Objectives Evaluate the impact of age, stage and histology on survival in high-risk endometrial cancer (EC) following treatment with chemotherapy and radiation (CTRT) vs. radiation alone (RT).
Methods Eligible patients were diagnosed with high-risk EC from 2004–2014 in the National Cancer Database based on PORTEC-3 criteria and treated with pelvic beam radiation and/or radioactive implants. The CTRT group also received multiple-agent chemotherapy. A propensity score approach controlled for differences in clinical factors. Survival was evaluated using weighted Kaplan-Meier and Cox model analyses with interaction testing.
Results There were 10,009 women in the CTRT group and 10,006 in the RT group. After balancing, a 4.9% improvement in 5-year survival and a 15% drop in the adjusted risk of death was observed following treatment with CTRT vs. RT (P<0.0001). The survival benefit and reduction in the risk of death associated with CTRT vs. RT alone varied by age at diagnosis, stage and/or histology (figure 1, P<0.0001 for each interaction test) with the largest benefits at age ≥70 vs. <70 years old, with stage III vs. stage I/II disease and in serous/clear cell carcinoma vs. endometrioid carcinoma. CTRT was associated with a 20% increased risk of death in patients <70 years old with stage I/II endometrioid EC (P<0.0001).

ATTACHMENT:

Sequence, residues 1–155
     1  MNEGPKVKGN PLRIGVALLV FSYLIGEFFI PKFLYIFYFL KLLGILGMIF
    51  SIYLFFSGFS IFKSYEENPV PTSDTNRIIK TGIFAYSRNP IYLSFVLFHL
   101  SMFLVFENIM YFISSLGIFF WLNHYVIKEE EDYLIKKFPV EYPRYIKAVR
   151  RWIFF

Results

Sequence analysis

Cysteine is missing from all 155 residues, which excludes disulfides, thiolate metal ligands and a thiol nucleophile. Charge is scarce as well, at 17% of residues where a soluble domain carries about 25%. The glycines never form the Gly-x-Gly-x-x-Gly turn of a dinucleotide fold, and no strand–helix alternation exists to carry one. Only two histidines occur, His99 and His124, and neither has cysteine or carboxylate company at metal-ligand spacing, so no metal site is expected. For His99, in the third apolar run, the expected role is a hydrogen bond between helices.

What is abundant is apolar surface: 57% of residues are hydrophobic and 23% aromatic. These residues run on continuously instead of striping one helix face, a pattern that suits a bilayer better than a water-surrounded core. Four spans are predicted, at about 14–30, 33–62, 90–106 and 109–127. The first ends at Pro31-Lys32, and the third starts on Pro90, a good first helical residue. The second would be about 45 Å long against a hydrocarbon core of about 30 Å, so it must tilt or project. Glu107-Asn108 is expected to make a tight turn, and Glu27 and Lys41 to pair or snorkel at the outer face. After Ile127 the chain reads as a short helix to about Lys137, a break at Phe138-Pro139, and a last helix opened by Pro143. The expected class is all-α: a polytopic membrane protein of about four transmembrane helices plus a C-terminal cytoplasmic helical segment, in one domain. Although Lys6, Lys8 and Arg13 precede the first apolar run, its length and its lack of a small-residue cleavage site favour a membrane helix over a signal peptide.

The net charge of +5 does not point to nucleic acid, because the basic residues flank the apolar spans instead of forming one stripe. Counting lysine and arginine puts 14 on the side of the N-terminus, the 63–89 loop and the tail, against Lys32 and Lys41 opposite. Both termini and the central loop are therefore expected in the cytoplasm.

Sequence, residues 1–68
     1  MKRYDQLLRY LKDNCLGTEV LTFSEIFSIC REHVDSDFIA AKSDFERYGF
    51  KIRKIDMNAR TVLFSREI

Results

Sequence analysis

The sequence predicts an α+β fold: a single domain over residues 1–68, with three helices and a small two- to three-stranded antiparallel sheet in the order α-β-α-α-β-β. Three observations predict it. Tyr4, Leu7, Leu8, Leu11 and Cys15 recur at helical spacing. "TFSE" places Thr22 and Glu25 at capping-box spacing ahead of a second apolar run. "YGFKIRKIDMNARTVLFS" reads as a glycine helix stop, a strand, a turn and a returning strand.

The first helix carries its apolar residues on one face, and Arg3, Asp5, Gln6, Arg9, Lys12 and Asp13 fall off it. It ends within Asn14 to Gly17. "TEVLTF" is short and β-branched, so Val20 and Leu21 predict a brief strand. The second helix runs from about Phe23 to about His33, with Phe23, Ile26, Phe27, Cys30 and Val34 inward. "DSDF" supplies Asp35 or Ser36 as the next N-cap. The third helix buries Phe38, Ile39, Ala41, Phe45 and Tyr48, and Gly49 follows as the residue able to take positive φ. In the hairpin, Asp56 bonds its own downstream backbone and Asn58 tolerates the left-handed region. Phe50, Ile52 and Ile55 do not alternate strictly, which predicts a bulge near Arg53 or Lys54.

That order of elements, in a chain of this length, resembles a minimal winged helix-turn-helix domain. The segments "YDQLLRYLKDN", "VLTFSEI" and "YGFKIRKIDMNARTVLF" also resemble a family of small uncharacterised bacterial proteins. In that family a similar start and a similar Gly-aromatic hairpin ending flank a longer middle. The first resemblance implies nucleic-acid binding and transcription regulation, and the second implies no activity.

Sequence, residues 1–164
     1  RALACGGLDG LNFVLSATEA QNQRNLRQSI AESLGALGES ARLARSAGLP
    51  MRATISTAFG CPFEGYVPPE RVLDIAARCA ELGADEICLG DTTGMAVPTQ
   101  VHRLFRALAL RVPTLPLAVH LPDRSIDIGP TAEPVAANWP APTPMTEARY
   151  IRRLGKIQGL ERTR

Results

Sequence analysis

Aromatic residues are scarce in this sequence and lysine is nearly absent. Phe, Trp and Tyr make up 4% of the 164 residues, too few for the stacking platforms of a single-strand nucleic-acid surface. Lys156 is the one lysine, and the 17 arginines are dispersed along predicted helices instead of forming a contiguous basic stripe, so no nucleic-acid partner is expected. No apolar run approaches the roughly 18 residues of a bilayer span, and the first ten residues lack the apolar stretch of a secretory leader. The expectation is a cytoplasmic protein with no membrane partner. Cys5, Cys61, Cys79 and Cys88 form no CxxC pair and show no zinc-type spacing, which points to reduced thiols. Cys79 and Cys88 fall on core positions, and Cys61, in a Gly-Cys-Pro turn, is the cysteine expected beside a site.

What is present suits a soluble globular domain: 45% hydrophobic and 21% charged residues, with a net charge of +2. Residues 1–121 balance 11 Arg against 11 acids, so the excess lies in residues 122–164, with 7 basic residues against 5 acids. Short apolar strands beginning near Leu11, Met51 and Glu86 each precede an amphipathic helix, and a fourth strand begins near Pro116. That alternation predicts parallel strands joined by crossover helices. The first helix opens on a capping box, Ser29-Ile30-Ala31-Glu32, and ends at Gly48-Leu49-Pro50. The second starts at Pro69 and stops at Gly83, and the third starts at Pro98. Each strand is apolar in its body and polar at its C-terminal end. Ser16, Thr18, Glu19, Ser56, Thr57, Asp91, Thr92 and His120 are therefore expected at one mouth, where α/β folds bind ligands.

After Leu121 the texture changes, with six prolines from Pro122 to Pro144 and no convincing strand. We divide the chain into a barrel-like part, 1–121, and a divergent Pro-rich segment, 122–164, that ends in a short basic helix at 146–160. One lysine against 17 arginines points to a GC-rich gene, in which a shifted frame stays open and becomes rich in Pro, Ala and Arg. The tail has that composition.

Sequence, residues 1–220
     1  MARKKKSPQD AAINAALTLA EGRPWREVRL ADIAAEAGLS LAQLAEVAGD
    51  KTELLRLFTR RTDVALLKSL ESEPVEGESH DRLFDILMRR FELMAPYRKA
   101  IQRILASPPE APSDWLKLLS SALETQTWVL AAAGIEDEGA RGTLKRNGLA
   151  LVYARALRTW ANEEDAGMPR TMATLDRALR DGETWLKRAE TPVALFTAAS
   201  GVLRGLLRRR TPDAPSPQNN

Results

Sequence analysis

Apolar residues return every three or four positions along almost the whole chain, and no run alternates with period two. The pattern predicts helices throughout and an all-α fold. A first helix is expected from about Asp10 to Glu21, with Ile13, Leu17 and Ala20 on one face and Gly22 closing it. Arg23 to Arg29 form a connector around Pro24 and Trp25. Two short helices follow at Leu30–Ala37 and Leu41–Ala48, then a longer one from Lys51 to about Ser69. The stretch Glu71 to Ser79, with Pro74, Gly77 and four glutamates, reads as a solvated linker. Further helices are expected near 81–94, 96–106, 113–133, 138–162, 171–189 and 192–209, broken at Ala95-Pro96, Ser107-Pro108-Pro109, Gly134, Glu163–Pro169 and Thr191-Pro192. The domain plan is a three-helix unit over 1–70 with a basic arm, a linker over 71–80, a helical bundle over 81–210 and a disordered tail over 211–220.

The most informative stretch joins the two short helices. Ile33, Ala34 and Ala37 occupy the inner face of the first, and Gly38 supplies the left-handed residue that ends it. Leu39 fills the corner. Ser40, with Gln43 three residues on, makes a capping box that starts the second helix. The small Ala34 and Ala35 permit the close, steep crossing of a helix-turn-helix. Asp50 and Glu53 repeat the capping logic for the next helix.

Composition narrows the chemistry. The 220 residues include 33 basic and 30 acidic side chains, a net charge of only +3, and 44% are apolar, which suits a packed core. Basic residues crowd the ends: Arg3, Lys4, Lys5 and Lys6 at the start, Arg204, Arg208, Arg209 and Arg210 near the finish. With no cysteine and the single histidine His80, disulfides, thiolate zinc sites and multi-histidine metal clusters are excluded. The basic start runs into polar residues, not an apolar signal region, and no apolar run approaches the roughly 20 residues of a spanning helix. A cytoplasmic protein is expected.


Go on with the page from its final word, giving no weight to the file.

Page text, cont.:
Conclusions Age, stage and histology merit consideration when selecting adjuvant therapy for high-risk EC patients based on a study in 20,015 women.
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